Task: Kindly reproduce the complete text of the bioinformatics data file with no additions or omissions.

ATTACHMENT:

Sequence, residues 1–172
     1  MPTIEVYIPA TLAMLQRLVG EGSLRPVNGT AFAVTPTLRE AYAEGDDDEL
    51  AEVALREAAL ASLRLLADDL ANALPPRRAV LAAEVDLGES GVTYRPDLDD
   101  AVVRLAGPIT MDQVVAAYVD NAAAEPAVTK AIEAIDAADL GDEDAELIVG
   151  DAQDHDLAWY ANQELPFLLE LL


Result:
Sequence, residues 1–172
     1  MPTIEVYIPA TLAMLQRLVG EGSLRPVNGT AFAVTPTLRE AYAEGDDDEL
    51  AEVALREAAL ASLRLLADDL ANALPPRRAV LAAEVDLGES GVTYRPDLDD
   101  AVVRLAGPIT MDQVVAAYVD NAAAEPAVTK AIEAIDAADL GDEDAELIVG
   151  DAQDHDLAWY ANQELPFLLE LL